Depending on your financial goals, a strong credit score can save you thousands of dollars or more over the course of your lifetime. Not only can a strong credit score help you borrow money more easily, but it can also significantly lower the cost of taking on debt.
According to Experian, credit scores above 670 are good, while a score over 800 is excellent. If your credit score needs a boost, the following tips can help.
- Pay your bills on time. One of the most important factors in determining your credit score is your payment history. Make sure to pay your bills on time every month to avoid late payments and maintain a strong credit score.
- Keep your credit utilization low. Credit utilization is the amount of credit you use compared to your total credit limit. To keep your credit score healthy, experts recommend using less than 30% of your available credit.
- Don’t close old accounts. The length of your credit history is another important factor in determining your credit score. Closing old credit accounts can shorten your credit history and potentially lower your score.
- Monitor your credit report. Regularly monitoring your credit report can help you identify errors or fraudulent activity. You can request a free credit report from each of the three major credit bureaus once a year.
Financial Truth #5: “An Investment in Knowledge Pays the Best Interest” -Ben Franklin
Finally, prioritizing ongoing financial education can significantly improve your overall financial health.
Indeed, personal finance is a complex and ever-changing field. Yet by understanding key financial truths and principles, you can make better financial decisions and avoid costly mistakes.
There are many resources that can help you boost your financial literacy, including books, podcasts, and online courses. However, if you don’t have the time or energy to invest in financial education, consider partnering with an expert who can help you achieve your financial goals.
According to a recent report from Edelman Financial Engines, 83% of people who work with a financial professional say they’re less stressed about money because of the help they receive. At Benchmark Wealth Management, we believe this sense of security is the true value of expert financial advice.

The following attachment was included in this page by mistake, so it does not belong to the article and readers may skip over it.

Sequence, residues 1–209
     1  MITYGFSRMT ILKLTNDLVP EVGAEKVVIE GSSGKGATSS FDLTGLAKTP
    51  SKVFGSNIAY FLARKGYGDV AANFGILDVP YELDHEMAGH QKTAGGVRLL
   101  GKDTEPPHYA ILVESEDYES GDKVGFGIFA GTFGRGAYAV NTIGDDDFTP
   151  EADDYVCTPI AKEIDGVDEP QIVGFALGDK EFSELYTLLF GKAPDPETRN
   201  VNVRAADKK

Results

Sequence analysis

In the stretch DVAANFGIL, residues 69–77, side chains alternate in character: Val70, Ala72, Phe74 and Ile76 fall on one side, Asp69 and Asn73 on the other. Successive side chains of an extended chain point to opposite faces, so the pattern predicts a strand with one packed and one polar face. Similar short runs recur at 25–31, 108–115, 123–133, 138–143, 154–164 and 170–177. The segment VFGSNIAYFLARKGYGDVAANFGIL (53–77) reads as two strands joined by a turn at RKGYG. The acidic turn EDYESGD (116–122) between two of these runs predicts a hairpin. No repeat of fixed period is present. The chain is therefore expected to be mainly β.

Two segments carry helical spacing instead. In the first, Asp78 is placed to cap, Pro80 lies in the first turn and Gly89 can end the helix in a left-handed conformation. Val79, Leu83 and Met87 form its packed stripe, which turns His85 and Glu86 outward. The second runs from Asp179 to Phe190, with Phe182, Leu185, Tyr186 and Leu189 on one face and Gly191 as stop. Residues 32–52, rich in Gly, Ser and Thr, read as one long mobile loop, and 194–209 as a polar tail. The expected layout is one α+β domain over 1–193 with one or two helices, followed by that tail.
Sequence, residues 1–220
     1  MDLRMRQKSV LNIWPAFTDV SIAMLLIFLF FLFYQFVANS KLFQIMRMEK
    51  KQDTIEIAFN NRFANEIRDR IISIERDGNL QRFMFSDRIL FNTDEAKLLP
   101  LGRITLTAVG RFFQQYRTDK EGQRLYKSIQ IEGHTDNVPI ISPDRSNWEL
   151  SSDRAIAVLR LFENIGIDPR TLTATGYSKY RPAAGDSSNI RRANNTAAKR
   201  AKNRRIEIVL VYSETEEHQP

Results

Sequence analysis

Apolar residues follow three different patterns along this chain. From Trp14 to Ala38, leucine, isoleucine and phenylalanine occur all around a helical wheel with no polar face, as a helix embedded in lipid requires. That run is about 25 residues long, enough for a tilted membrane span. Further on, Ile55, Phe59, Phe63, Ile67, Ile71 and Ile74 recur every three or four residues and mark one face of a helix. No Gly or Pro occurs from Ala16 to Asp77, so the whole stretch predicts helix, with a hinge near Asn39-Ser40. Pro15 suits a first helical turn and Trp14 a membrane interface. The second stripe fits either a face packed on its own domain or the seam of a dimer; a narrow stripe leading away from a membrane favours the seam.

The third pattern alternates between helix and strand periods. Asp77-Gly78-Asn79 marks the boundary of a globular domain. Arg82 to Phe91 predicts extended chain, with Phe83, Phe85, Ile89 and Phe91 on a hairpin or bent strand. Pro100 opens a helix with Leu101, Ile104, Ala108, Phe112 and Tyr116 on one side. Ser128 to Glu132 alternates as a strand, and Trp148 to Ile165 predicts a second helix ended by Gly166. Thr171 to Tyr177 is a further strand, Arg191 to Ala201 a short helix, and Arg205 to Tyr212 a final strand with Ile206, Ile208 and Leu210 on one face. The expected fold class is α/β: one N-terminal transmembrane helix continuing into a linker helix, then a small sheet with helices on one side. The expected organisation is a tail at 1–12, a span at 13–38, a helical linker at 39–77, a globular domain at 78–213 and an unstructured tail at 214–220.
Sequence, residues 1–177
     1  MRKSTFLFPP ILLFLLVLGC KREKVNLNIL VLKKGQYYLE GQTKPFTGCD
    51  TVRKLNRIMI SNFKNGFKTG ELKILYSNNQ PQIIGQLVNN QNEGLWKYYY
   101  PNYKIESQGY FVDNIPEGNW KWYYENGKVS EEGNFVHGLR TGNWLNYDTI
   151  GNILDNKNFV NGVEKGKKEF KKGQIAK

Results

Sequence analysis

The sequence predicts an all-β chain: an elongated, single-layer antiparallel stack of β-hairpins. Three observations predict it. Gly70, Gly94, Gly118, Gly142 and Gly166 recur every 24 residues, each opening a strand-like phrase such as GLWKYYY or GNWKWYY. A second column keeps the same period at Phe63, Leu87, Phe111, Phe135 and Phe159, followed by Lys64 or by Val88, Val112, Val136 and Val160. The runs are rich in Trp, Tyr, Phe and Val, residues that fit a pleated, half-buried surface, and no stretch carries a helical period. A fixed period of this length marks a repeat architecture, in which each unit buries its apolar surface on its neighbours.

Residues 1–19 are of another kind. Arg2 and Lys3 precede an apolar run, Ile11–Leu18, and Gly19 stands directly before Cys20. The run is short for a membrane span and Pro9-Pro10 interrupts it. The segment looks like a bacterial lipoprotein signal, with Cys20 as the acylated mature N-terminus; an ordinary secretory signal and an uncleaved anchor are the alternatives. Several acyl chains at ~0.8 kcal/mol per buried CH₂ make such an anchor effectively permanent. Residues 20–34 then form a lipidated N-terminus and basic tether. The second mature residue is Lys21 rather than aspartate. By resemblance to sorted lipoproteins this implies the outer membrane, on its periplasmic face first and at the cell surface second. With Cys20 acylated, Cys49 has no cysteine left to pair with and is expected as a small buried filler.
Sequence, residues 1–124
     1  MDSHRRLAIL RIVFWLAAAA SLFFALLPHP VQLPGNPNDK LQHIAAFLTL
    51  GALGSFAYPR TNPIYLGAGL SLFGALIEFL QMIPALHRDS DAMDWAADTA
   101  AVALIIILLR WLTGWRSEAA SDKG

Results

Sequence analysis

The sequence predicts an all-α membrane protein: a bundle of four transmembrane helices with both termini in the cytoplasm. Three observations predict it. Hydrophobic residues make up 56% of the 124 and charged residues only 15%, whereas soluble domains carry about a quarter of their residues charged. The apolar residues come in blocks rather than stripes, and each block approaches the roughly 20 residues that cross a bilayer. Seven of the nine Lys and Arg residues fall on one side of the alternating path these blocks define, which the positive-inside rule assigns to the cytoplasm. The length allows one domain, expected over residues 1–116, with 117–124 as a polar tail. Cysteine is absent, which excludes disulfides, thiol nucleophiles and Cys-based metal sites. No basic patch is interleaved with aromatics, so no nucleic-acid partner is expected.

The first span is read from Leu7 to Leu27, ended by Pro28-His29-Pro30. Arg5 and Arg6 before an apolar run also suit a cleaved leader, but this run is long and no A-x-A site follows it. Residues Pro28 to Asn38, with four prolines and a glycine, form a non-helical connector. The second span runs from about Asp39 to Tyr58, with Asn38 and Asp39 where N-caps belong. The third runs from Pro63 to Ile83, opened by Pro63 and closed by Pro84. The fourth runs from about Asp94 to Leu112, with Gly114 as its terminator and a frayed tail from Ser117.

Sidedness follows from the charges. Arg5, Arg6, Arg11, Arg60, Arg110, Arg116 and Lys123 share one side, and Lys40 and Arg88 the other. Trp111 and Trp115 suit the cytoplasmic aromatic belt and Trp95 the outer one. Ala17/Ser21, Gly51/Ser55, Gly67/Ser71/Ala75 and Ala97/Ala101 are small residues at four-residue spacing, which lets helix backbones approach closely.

To learn more about these financial truths and see if we’re the right fit for your financial planning needs, please contact us. We look forward to helping you develop a comprehensive plan to achieve your financial goals and aspirations.
This article is for educational purposes only and is not intended to be specific tax, legal, or investment advice.
Richard W. Stout III is managing director of Benchmark Wealth Management, LLC, with 25 years of experience in the financial industry. He specializes in financial planning and asset management for individuals, families, and institutions seeking to build and monitor durable and sustainable plans for their financial futures. Rick is a Certified Financial Planner™ professional and holds the Accredited Investment Fiduciary® (AIF®) designation. He obtained his MBA from Rensselaer Polytechnic Institute and his BA in Economics and Anthropology from the University of Connecticut. Rick has earned a Master of Science degree in Personal Financial Planning from the College for Financial Planning. He has extensive background experience in lending, credit review and analysis, and real estate and partnership management. Learn more about Rick by connecting with him on LinkedIn.
Thomas J. Britt is managing director of Benchmark Wealth Management, LLC, with 23 years of experience in the financial industry. He specializes in executive financial planning, retirement planning, investing, as well as the management of trusts and endowments. Thomas is a CERTIFIED FINANCIAL PLANNER™ professional. He holds the Master Planner Advanced StudiesSM, MPAS®, Certified Investment Management Analyst® (CIMA®), and Chartered Retirement Planning Counselor℠, CRPC® designations. Thomas earned a Bachelor of Science in Finance from the University of New Haven, an MBA in financial technology from Rensselaer Polytechnic Institute, and a Master of Science in Personal Financial Planning from the College for Financial Planning. He is also a proud veteran of the United States Navy Submarine Force. Learn more about Tom by connecting with him on LinkedIn.